Le Mont de Saturne is a novel intertwining fictional and autobiographic narrative of French journalist and politician Charles Maurras, director of L'Action française, published on 1950. The story follows the imagined life of famous author Denys Talon, who commits suicide at the age of forty.

Le Mont de Saturne
EditorLes Quatre Jeudis
AuthorCharles Maurras
Publication date

Presentation edit

Context edit

Maurras wrote this text during his incarceration in Lyon between September 11 and 29, 1944 and dedicated it to his friend Maurice Pujo.[1][2] It is followed by an "Afterword and Critique of the Mount of Saturn". However, the idea of Le Mont de Saturne would go back to the beginning of the century according to Georges Meunier who questioned Charles Maurras in his book Ce qu'ils pensent du Merveilleux published in 1911.[3][4]

Synopsis edit

The story is presented as the one-act autobiography of a talented writer named Denys Talon who commits suicide at the age of forty "but whose corpse looks like a worn-out octogenarian".[5] The text therefore serves as a testament. There palmistry is employed in the narrative as a "satire of Bergsonism through a policeman who followed Bergson's lectures".[5] The story intertwines "romantic lyricism [and] memories of Provence [...] in this tale full of the unexpected".[5]

Analysis edit

Le Mont de Saturne is a "kind of cookie-cutter romantic autobiography"[2] whose main character Denys Talon embodies an "alter ego" of Maurras according to Professor Ivan Peter Barko.[6] Martin Motte compares him to "a Maurras who would have given in to his inner demons".[7] This book makes it possible to apprehend "the occultist side, a certain penchant for the fantastic, [and] the supernatural" in Maurras.[3]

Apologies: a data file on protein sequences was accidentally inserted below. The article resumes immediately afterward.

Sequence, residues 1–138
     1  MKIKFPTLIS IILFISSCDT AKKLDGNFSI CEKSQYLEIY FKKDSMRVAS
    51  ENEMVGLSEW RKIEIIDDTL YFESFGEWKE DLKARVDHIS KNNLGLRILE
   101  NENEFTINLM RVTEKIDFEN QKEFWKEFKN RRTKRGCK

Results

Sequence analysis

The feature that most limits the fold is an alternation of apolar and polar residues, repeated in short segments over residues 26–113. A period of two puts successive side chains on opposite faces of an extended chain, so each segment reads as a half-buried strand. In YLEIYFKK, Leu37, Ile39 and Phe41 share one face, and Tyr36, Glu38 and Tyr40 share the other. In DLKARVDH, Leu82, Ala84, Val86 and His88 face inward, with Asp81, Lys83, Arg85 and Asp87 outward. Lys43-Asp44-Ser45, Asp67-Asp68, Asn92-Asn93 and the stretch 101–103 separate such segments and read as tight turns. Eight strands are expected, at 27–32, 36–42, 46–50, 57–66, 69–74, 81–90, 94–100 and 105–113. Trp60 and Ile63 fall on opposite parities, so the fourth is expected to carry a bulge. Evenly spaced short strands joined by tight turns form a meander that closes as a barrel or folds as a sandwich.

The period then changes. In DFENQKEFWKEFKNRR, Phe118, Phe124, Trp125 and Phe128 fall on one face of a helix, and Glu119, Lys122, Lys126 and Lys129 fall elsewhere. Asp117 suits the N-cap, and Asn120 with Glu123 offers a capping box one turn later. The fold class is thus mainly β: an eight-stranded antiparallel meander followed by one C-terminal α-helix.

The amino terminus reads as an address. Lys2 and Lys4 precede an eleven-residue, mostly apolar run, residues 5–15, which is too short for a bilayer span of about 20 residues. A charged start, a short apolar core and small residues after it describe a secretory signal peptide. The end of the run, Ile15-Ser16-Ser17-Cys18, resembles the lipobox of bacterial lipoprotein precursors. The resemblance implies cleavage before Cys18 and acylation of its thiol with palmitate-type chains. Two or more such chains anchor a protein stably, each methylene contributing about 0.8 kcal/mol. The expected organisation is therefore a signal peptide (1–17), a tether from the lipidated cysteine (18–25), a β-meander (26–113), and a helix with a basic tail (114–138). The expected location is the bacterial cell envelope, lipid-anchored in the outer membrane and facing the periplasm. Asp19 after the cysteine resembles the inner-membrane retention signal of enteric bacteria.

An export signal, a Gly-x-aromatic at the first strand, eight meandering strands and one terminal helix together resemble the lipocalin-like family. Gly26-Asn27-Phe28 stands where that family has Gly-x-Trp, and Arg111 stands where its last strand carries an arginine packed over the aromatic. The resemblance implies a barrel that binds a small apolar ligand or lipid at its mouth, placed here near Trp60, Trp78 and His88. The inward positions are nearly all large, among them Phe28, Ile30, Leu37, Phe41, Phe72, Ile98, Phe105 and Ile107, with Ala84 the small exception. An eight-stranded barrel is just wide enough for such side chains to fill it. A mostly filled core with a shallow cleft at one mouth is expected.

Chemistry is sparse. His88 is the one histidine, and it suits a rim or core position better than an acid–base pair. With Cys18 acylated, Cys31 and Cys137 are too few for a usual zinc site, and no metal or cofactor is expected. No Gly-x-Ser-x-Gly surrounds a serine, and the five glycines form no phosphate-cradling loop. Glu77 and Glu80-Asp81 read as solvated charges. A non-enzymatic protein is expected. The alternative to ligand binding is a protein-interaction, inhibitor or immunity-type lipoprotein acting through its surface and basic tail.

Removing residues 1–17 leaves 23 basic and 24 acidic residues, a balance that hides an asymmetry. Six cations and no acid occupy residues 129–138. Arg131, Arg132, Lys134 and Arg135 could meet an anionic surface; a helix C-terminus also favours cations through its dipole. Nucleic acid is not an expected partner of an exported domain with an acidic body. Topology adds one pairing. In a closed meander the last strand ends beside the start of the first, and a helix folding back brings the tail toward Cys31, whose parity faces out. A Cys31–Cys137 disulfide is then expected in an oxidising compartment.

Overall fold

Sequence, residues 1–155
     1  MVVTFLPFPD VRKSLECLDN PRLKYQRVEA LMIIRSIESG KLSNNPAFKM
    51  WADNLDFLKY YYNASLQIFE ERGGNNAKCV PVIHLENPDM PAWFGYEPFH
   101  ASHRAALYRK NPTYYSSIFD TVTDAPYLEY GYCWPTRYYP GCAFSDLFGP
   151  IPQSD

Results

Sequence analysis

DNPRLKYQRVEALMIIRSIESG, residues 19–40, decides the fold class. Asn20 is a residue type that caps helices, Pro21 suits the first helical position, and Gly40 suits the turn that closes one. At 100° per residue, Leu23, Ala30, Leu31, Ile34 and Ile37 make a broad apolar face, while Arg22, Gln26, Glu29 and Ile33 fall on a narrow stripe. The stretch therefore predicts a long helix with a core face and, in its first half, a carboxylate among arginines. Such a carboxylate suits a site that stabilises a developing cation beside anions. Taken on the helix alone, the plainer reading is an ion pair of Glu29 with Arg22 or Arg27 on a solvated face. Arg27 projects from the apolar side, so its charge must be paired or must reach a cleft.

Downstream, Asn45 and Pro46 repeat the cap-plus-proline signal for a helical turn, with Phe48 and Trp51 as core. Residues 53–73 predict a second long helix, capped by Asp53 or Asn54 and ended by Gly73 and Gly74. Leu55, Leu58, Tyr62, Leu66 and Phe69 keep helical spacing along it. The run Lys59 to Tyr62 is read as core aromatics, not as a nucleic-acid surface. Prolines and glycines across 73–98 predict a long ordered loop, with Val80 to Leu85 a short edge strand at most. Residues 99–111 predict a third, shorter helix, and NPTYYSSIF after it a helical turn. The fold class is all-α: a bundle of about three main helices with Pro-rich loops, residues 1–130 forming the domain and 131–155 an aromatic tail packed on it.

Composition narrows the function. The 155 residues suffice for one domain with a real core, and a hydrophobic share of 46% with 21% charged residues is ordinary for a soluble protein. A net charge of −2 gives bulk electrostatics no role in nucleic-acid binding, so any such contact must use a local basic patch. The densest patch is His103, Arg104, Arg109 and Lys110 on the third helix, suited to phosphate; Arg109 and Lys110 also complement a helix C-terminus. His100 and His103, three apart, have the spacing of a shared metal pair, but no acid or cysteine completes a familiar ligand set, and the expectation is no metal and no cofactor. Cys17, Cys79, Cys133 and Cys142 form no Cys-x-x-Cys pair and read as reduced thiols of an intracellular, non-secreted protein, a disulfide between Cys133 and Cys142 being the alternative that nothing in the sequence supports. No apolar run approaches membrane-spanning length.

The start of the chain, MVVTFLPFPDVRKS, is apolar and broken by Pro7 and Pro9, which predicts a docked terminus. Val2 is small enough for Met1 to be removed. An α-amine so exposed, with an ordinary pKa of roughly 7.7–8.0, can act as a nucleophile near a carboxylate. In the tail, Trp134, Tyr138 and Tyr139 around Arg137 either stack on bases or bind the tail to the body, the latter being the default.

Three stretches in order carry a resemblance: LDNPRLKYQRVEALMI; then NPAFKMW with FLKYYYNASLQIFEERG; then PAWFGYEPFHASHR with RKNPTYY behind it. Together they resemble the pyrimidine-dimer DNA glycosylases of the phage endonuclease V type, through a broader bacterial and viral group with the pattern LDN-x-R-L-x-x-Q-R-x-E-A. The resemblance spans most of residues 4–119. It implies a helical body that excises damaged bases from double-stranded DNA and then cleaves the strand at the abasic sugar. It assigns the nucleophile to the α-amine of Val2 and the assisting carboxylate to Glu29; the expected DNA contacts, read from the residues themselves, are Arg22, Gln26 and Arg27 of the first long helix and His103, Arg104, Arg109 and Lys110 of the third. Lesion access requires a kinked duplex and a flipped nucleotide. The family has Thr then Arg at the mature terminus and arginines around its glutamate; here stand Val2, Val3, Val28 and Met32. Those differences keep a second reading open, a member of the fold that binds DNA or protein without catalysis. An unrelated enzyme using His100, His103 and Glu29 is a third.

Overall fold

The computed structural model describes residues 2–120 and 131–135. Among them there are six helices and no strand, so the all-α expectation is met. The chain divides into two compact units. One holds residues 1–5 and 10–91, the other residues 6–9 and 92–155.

Le Mont de Saturne is all the more interesting because of the irony that the author demonstrates at the reader's expense, but above all thanks to "the self-irony of the poet".[8] Maurras amuses himself by confusing the reader through his "Postface et Critique du Mont de Saturne" by warning "that he does not refute [not] the autobiographical interpretation".[8].

He also uses the duplication process: he stages himself, a Maurras in the third person, an episodic character, a Maurras in silhouette, no doubt to better hide the autobiographical character of the hero, Denys Talon. The biographical allusions to the man whom the author calls Maurras are of only mediocre interest: they are trivial. It is Denys Talon who holds all our attention and whose secret can only be deciphered by an allegorical reading. Because Le Mont de Saturne can be read on several levels: at the philosophical, satirical, anecdotal and allegorical levels.

— Ivan Peter Barko

The hero commits a suicide attempt often transposed to the author's own suicide attempt when he was fifteen.[8] It would actually be an "allegorical suicide" to illustrate the "great spiritual conflict of his existence".[9] Historian Bruno Goyet agrees with this analysis by considering that this text "directly refers to one of the deepest crises of his inner life".[10]

External links edit

References edit

  1. ^ Cormier, Aristide. Mes entretiens de prêtre avec Charles Maurras (in French). Nouvelles Editions Latines. p. 91-92. Retrieved 2022-11-22.
  2. ^ a b Julien Cohen (2014). Esthétique et politique dans la poésie de Charles Maurras. Université Michel de Montaigne - Bordeaux III.
  3. ^ a b Barko 1973, p. 36.
  4. ^ La Revue spirite (in French). 1911-04-01. Retrieved 2022-11-22.
  5. ^ a b c Vallat, Xavier (1953-01-01). Charles Maurras: Numéro d'écrou 8.321 (in French). (Plon) réédition numérique FeniXX. ISBN 978-2-259-29917-6. Retrieved 2022-11-22.
  6. ^ Barko 1973, p. 32.
  7. ^ Maurras autobiographe : du berceau provençal aux combats parisiens par Martin Motte dans Maurras, Charles (2018-04-19). L'Avenir de l'intelligence et autres textes. Bouquins (in French). Groupe Robert Laffont. ISBN 978-2-221-21928-7. Retrieved 2022-10-21., p. 7-8
  8. ^ a b c Barko 1973, p. 37.
  9. ^ Barko 1973, p. 38.
  10. ^ Goyet 2002.

Bibliography edit